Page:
In addition, I can't help noticing that the critics have a rather–how shall we say?–one-sided notion of transparency:

To see posts on Chris's timeline, send him a friend request.

Tremper Longman Randy, all I can say is that Bruce and I have been in contact. I cannot share the substance of that interchange.

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Thursday, October 02, 2014

The Daring Heart of David Livingstone

Dan McCartney & Peter Enns

Some ardent defenders of christotelism complain that opponents are tarring christotelism with the broad brush of Peter Enns. However, I'd point out that Dan McCartney and Peter Enns coauthored an article on prophecy and hermeneutics:

That makes it difficult to drive a wedge between McCartney and Enns on prophecy and hermeneutics. At that juncture, they were joined at the hip. Have they now undergone separation surgery? 

"Keep gov't out of our bedrooms!"

Maybe I'm getting forgetful in my dotage, but I distinctly remember liberals denouncing historic anti-sodomy laws on that grounds that we should "keep gov't out of our bedrooms!" But I must be misremembering, for surely they can't be that blatantly self-contradictory–can they?

“Scripture interprets Scripture” through the centuries

In his work “Holy Scripture: The Ground and Pillar of Our Faith, Volume II (“An Historical Defense of the Reformation Principle of Sola Scriptura” Battle Ground, WA: Christian Resources ©2001), William Webster notes that there were a number of “General Principles of Patristic Interpretation” (pg 193). He notes:

While there was disagreement among the Church fathers over the practical application of the interpretation of Scripture, it is important to note that there was general agreement on a number of fundamental exegetical principles which we will examine in some detail.

He lists these principles as follows:

Rereading the OT

Christotelic interpreters (e.g. Doug Green, Dan McCartney, Tremper Longman) like to illustrate their hermeneutic in the following way:

Imagine reading the OT first, apart from the NT. What would it mean to you on a first reading? Then, after reading the NT, go back and reread the OT. What would it mean to you a second time, in light of your exposure to the NT?

Taken by itself, this is a fairly innocuous illustration. Indeed, this illustration is so generic that I doubt it singles out christotelism. Surely critics like Beale could easily co-opt that illustration. 

But now I'd like to make a different point. The illustration is deeply misleading. That's because it's so one-sided. For, if you think about it, we could turn this around.

Imagine if all you had was the NT. Suppose the OT was long-lost and forgotten. Just consider how bewildering the NT would be absent the OT. Commentaries would be written, rife with ingenious speculation about how to explain this baffling, incomplete story. You see, knowing the ending without knowing the beginning or the middle is just as confusing as the reverse. 

In fact, I expect many of us have switched on the TV, and seen a movie in progress. We started watching it about halfway through. As a result, there's a lot we don't follow. If we like what we saw, we may rent the movie to catch the beginning. To see what we missed. Just as what comes later may be crucial to understanding a story, what came before may be crucial to understanding a story.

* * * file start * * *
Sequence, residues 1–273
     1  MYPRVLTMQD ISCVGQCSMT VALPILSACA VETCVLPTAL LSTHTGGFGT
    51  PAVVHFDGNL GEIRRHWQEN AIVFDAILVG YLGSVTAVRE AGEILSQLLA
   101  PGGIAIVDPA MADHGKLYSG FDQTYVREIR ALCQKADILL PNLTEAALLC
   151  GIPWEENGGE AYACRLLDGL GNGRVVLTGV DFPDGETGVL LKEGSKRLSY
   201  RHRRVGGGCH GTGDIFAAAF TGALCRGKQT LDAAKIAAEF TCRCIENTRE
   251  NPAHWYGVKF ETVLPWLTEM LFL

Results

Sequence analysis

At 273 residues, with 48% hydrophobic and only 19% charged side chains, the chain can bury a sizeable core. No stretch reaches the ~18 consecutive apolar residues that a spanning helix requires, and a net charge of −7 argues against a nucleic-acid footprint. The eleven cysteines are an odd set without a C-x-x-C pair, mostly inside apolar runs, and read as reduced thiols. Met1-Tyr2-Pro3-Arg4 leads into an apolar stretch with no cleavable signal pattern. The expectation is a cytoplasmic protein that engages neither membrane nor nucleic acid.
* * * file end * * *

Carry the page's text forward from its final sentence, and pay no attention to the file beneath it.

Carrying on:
Suppose the OT was rediscovered. Imagine reading the NT first, apart from the OT. What would it mean to you on a first reading? Then, after reading the OT, go back and reread the NT. What would it mean to you a second time, in light of your exposure to the OT?

You see, there's a deceptive asymmetry to the christotelic illustration, for the two Testaments are mutually interpreting. The NT helps us understand the OT, yet the OT helps us understand the NT. 

Wednesday, October 01, 2014

Pray For Gretchen Passantino Coburn

I just saw this on Ken Petty's Facebook account:

"Many of my friends may know of Gretchen Passantino-Coburn. Cindee Martin Morgan has posted a very urgent prayer request. Gretchen has suffered a major heart attack and is currently in a hospital, unconscious, and doctors are still assessing the extent of any possible damage to brain and possibly kidneys. Please pray for Gretchen. She is a very well known apologist for the Christian faith and she, with her late husband, Bob, were very active in assisting Dr Walter Martin establish the Christian Research Institute, now headed up by Hank Hanegraaff. She and Bob have deeply touched many of our lives, including mine, and we are very concerned for her and her husband, Pat. Thank you all very much in advance."

With the clouds of heaven

Walton on typology

I'm going to comment on this article because it's germane to the current controversy over Christotelism:

BTW, it's striking that this article was published in the Master's Seminary Journal. Surely Walton's dismissive approach to prophetic or apocalyptic symbolism is wildly at variance with dispensation hermeneutics. It's also ironic that this was published in the Master's Seminary Journal a year after he published his commentary on Genesis.  

By “objectivity” we do not refer to absolute objectivity that allows the interpreter to repress or subordinate culture and perspective totally. We only refer to the procedures that assume that the author is a competent communicator and capable of being understood. In recent terminology we might refer to author orientation (objective) or reader orientation (subjective) with a text orientation able to go in either direction.